In February 2007 the Board of Supervisors expressed unanimous support for pursuing LEED Certification for all newly-constructed County buildings. LEED stands for Leadership in Energy and Environmental Design and is a nationally-accepted rating system founded by the U.S. Green Building Council. The Crozet Library was the local government’s first planned LEED certified project. The County is a member of the U.S. Green Building Council, and is involved with a regional chapter known as the James River Green Building Council.
Albemarle County Public Schools completed 2 LEED-registered projects – an addition on Albemarle High School and an addition on Brownsville Elementary School. Brownsville Elementary School received a LEED Gold certification in 2010 and Albemarle High School became LEED Silver certified in 2011. In addition, Henley Middle School opened a Renewable Energy Resource Center in 2012, featuring solar panels, solar thermal and a wind turbine. Please check the Schools Environmental Website for updates on current and future ACPS projects.
Incorporating sustainable designs into our projects supports the County’s commitment to pollution prevention and climate protection.
Safe Chemicals and Integrated Pest Management
In June 2008 the Board of Supervisors approved a Safer Chemical Management Procedure which promotes the use of non-chemical methods and safer product alternatives in day-to-day County operations and activities in lieu of using traditional, synthetic products. The Procedure advocates replacing traditional and synthetic chemicals with non-chemical methods and less-toxic product alternatives. A few examples of practices outlined by the Procedure include: 1) custodial products be certified by Green Seal™, Green Guard™, Environmental Choice™, or EPA's Design for the Environment or meet outlined criteria; 2) chemical usage be eliminated when practicable and feasible in grounds management; if chemicals must be used, then organic or biological-based alternatives be used, with 5 outlined exceptions; and 3) the County implement a formal integrated pest management (IPM) program for the management of indoor pests.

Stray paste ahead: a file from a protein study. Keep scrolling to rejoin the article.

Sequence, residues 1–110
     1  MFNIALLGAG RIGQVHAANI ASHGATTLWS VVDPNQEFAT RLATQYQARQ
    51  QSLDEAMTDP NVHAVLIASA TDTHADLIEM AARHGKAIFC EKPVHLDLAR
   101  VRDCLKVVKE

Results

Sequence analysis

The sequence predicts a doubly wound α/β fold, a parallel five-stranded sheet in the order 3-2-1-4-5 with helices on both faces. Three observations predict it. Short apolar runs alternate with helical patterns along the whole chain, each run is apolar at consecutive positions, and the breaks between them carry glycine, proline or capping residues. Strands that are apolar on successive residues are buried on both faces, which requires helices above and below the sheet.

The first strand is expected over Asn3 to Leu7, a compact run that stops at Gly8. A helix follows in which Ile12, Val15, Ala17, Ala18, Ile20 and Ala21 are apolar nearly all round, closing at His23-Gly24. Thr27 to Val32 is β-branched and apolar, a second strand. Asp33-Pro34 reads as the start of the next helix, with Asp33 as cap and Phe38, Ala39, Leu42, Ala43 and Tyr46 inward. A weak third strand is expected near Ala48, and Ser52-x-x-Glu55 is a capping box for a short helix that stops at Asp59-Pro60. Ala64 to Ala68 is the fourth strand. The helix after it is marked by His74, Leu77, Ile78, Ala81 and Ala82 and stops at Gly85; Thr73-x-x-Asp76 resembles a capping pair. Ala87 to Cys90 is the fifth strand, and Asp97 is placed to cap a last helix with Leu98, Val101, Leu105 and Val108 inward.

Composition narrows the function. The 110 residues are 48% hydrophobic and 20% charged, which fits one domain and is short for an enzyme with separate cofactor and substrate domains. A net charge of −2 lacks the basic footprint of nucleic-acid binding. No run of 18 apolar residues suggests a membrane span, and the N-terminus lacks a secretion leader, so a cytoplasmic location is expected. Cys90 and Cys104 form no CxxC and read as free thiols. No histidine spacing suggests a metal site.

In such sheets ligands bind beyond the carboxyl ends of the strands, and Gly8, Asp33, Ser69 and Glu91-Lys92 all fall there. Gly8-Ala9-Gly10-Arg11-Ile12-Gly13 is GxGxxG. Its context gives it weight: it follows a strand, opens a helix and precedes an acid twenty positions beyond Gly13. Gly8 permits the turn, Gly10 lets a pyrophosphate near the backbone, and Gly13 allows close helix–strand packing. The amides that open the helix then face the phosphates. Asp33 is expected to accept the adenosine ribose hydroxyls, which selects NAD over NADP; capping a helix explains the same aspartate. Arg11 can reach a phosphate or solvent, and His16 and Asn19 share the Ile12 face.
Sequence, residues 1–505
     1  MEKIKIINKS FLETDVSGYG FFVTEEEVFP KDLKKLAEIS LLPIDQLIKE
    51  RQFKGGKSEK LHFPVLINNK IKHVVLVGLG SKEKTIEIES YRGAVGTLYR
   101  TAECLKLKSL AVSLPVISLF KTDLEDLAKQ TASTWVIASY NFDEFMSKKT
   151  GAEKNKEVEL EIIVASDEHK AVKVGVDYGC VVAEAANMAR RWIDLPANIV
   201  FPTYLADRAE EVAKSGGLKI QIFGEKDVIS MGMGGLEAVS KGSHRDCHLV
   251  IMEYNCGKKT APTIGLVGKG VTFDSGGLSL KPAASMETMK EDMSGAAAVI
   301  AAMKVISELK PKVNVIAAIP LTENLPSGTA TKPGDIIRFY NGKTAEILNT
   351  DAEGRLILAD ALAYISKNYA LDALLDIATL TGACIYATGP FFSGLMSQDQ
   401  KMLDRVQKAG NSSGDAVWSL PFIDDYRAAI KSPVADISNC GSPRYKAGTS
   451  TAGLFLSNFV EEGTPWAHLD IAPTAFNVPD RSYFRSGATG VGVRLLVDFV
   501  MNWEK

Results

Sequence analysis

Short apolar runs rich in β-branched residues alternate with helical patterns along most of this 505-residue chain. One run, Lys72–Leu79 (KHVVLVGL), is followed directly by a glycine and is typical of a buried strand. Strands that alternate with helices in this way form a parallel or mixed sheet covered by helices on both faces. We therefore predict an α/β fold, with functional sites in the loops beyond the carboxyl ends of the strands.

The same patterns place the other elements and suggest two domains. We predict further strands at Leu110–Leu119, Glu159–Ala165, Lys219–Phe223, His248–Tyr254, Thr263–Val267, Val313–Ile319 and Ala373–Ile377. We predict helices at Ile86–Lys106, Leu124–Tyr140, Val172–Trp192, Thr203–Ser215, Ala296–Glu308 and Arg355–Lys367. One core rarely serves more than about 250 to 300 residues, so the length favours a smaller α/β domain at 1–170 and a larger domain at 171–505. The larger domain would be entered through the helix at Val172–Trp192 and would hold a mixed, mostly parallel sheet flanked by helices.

Integrated Pest Management (IPM) is a way to reduce pesticide use while maintaining pest control. IPM takes a reduced toxicity approach to pest control and employs a variety of pest prevention methods instead of relying on pesticides alone. The Safer Chemical Management Procedure will be managed under the “umbrella” of our Environmental Management Policy, and it supports the County’s commitment to pollution prevention and waste minimization.